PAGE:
When many of us think of a Southern sheriff, we probably do not immediately envision an African American.

For years, in fact, one role of the region's elected lawmen was to keep African Americans under control. In the South, it was often the county sheriff who sat by as Black citizens were tortured, and even lynched, during the Jim Crow period. During the civil rights movement, it was sheriffs like Jim Clarke of Dallas County, Alabama, who participated in and oversaw the violent arrests and abuse of Black demonstrators. And today, it is the sheriff who has the ability to choose whether or not to discriminatorily arrest Black and Brown citizens.

That's why for Black people and other marginalized groups, part of addressing police brutality and other law enforcement discrimination means using their political power to choose county sheriffs — and last year citizens across North Carolina did just that. Fueled by a grassroots campaign that aimed to combat the anti-immigrant 287g program, which authorizes the Department of Homeland Security to deputize local police to enforce federal immigration law, voters in the state's seven largest counties elected Black sheriffs who had promised to end their county's participation in the program. In five of those counties, it was the first time an African American held the position.

Within days of taking office, the sheriffs kept their promise and quit 287g. But the Republican-controlled legislature was not happy about it. In March, a group of GOP lawmakers including the House deputy majority leader introduced House Bill 370, which seeks to preempt the sheriffs' authority by mandating cooperation with ICE. The bill passed the House in April and the Senate last week; it needs to undergo a final vote to approve changes made by senators before heading to Gov. Roy Cooper, a Democrat who has called it unconstitutional. Immigrant rights groups have called for a veto.

Advocates have criticized the bill for causing immigrant communities to fear law enforcement. But they also say the measure is discriminatory against the recently elected Black sheriffs.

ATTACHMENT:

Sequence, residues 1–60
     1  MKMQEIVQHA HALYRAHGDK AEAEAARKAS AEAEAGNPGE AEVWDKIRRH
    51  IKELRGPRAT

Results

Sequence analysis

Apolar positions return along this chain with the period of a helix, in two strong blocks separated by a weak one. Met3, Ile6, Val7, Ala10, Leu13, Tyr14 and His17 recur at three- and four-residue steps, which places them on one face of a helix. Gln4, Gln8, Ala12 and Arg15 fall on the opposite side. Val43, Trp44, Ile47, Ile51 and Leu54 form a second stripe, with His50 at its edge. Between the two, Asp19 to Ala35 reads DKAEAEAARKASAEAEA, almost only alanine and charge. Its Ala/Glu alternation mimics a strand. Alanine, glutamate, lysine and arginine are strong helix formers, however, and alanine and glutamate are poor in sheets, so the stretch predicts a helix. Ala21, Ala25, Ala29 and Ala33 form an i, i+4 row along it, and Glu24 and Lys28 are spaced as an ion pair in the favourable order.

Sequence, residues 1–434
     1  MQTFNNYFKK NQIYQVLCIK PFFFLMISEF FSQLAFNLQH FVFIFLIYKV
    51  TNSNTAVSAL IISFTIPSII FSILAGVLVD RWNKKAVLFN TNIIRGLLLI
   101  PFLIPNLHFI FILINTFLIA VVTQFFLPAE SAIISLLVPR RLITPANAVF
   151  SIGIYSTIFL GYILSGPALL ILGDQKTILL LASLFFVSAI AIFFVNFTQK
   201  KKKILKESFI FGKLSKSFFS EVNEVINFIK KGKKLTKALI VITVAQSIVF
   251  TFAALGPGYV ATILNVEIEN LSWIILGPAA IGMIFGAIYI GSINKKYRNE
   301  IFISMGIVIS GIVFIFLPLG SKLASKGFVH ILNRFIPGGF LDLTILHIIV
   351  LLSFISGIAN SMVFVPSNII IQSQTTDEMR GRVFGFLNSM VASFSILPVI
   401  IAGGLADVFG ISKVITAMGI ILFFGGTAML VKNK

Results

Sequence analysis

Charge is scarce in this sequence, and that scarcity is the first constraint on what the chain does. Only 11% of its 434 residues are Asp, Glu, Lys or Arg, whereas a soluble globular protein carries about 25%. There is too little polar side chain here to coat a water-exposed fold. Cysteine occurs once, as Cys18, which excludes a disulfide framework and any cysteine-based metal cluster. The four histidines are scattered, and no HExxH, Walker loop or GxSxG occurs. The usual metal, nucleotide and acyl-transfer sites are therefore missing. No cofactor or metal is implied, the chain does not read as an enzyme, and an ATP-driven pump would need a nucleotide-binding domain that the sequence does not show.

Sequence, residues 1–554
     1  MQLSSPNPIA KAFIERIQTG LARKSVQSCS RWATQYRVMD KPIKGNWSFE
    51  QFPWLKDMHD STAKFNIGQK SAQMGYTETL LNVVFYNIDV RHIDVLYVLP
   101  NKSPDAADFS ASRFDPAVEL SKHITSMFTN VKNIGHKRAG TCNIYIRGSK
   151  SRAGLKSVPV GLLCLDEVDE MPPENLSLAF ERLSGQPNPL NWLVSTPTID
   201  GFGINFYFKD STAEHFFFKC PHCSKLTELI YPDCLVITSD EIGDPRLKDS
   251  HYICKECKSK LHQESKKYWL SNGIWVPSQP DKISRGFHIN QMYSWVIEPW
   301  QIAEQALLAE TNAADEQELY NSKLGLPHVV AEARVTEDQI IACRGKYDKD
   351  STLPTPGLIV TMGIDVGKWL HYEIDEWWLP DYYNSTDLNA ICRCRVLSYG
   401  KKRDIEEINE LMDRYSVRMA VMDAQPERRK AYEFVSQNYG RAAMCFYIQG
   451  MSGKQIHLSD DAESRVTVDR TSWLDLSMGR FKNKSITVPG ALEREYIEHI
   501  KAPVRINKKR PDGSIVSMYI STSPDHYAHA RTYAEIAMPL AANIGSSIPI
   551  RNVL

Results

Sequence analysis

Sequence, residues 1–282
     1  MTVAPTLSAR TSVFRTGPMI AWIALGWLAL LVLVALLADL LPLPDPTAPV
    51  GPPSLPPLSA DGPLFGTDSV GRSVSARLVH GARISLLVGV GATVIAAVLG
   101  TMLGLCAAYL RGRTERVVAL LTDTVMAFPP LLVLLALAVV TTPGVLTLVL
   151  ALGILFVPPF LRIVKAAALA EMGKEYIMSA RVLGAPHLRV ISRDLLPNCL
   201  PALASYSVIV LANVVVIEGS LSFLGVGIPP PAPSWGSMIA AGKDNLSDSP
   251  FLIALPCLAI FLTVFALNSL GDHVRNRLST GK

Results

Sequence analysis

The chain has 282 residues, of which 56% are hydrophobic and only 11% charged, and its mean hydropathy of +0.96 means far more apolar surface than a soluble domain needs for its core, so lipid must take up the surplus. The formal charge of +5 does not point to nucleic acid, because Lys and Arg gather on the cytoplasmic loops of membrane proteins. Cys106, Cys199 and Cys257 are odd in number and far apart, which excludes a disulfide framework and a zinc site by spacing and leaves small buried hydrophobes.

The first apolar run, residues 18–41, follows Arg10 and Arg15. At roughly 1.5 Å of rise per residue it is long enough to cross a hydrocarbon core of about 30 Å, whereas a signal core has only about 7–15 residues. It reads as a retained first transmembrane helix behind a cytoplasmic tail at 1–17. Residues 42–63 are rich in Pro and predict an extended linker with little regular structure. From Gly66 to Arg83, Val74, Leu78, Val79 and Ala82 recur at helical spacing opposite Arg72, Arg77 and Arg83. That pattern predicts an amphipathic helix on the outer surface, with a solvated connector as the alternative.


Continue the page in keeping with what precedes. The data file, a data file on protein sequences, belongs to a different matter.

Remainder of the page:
"It is a fatally flawed bill specifically targeting law enforcement leaders who are African American with the demand they racially profile Latinos," said Rev. Dr. Val Rosenquist, pastor at Charlotte's First United Methodist Church, while speaking at a June 24 press conference in the city, which was previously known as one of the "most notorious ICE collaborators in the country."

At another press conference held at the state legislature in Raleigh on the same day, activists with the state NAACP, El Colectivo NC, and Poor People's Campaign protested the bill as some held signs that read "Hands Off Our Sheriffs." And on June 19, just days before the state Senate passed the bill, Wake County Sheriff Gerald Baker and Mecklenburg County Sheriff Garry McFadden protested by walking out of a Senate Judiciary Committee hearing where it was being discussed.

North Carolina was not the first state to take up such laws forcing local law enforcement to cooperate with ICE. In 2017, for example, Texas passed Senate Bill 4, which made it illegal for law enforcement officers to refuse to honor ICE detainer requests. Those who break the law can be fined up to $25,500. The bill's passage was a direct response to Travis County Sheriff Sally Hernandez's adoption of a policy that limited compliance with ICE detainers, except in cases of capital murder, aggravated sexual assault, kidnapping, and felony drug cases. Following adoption of the policy, Travis County dramatically reduced the number of undocumented immigrants it transferred into ICE custody. 

And in Florida, a new law went into effect this week that requires local law enforcement agencies to "use their best efforts to support the enforcement of federal immigration law." Though Florida does not have any sanctuary cities, the law bans any state entity, law enforcement agency, local government entity, state university, or representative from adopting a sanctuary policy for undocumented immigrants.

Among the groups opposing Florida's new law are the state ACLU, which said it "raises constitutional concerns and tramples on the civil rights and liberties of actual or perceived immigrants."